Jamaicans Urged To Embrace Positive Values and Attitudes

Photo: Mark Bell Veteran journalist and Deputy Chief Executive Officer (CEO) of the Jamaica Information Service (JIS), Ian Boyne (left), in discussion with Chairperson of the Committee of Management, Excelsior Community College, Patricia Sinclair McCalla (right). At centre is the school’s Assistant Chaplain, Rev. Moses Benguche. Occasion was the institution’s 4th annual Ted Dwyer Lecture which Mr. Boyne delivered at its location in Kingston on March 30.

Story Highlights

  • Jamaicans are being urged to embrace positive values and attitudes in order to mend the moral fabric of the country and thereby contribute to economic development.
  • Mr. Boyne suggested that there be a concerted effort to try to recapture these values, noting that back then, the youth were thinking about building a new Jamaica, were studying radical ideas of black power, and there was a belief that life was not just about what they acquired.
  • He suggested that the youth could be reached through the popular dancehall culture, which he said is a main source of socialisation for young people and which has “a greater influence than school, church and traditional media”.

Jamaicans are being urged to embrace positive values and attitudes in order to mend the moral fabric of the country and thereby contribute to economic development.

The call comes from veteran journalist and Deputy Chief Executive Officer (CEO) of the Jamaica Information Service (JIS), Ian Boyne.

“Our values and attitudes are central to any meaningful quest to economic development,” Mr. Boyne asserted, while delivering the 4th annual Ted Dwyer Lecture at the Excelsior Community College in Kingston on March 30.

Mr. Boyne argued that the social issues the country is now grappling with – high violence, high corruption, domestic abuse of women, gender imbalance – impact on economic development, which cannot be achieved until persons adjust their moral standards.

“We have a dilapidated social infrastructure; you need to fix the people. You can’t just be talking about fixing the economy,” he said.

Mr. Boyne commended former Prime Minister, the Most Hon. P.J. Patterson, who he said was “prescient and insightful” when he launched the Values and Attitudes Programme in the early 1990s, which sought to address indiscipline, incivility and violence, with the aim to achieve attitudinal change and social renewal in the society.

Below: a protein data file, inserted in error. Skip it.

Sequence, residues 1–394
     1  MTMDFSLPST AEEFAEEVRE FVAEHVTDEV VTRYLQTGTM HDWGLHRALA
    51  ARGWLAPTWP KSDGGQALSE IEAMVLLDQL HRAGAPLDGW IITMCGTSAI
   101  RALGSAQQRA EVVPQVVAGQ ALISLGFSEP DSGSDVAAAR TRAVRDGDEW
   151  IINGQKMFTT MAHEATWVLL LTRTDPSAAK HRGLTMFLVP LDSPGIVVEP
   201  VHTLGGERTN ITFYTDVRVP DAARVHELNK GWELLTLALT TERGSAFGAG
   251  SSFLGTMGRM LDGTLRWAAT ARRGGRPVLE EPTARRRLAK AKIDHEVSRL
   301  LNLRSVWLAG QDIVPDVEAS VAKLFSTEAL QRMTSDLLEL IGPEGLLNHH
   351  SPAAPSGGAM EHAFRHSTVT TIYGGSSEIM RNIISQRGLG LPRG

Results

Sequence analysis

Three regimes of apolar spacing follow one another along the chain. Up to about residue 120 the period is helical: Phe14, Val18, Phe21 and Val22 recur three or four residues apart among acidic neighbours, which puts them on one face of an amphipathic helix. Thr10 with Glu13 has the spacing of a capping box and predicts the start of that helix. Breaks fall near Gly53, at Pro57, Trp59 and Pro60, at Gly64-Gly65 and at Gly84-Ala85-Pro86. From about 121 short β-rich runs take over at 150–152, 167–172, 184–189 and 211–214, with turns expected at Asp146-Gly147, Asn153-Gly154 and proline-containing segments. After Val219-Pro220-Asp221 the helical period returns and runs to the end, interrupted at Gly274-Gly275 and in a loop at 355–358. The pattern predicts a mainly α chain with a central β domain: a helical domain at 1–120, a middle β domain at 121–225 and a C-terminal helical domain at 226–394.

“He was right to recognise that if you were to be talking about national development, we would have to give people a vision about Jamaica, have them buy into that vision, and buy into a certain set of values,” he said.

He lamented that Jamaica now has a “collapsing social infrastructure” where value is placed on one’s material possessions and “getting ahead” instead of what previously pertained from the 1940s to the 1970s, when volunteerism and civic pride were emulated.

 

Mr. Boyne suggested that there be a concerted effort to try to recapture these values, noting that back then, the youth were thinking about building a new Jamaica, were studying radical ideas of black power, and there was a belief that life was not just about what they acquired.

He further posited that the current discourse in the country needs to involve more discussions about values and attitudes, and that “we ignore this issue to our peril”.

“We are overdue for a front-and-centre discussion about what type of society we are building. It has to go beyond the economics. In order for us to energise the youth, we have to develop some countervailing values against the values that are purveyed (through technology such as) mobile devices that capture our youth,” he said.

In answering his own question as to how the attention of today’s youth could be regained, Mr. Boyne suggested that the country needs a unifying vision.

“The political leaders have to find the means of articulating a vision for the people beyond just personal interest,” he said.

He suggested that the youth could be reached through the popular dancehall culture, which he said is a main source of socialisation for young people and which has “a greater influence than school, church and traditional media”.

“If we could turn around the dancehall, where the dancehall artistes now are ‘bigging up’ teachers who help the youth; ‘bigging up’ the nurses who could have gone away, but they are staying here to help people; and ‘bigging up’ the student from the inner city who is studying his book; if those messages could be reinforced in the dancehall, that would be good,” he said.

The lecture was held in honour of the late Ted Dwyer who was the founding Principal of Excelsior Community College in 1974. He held the position until he retired in 2000.

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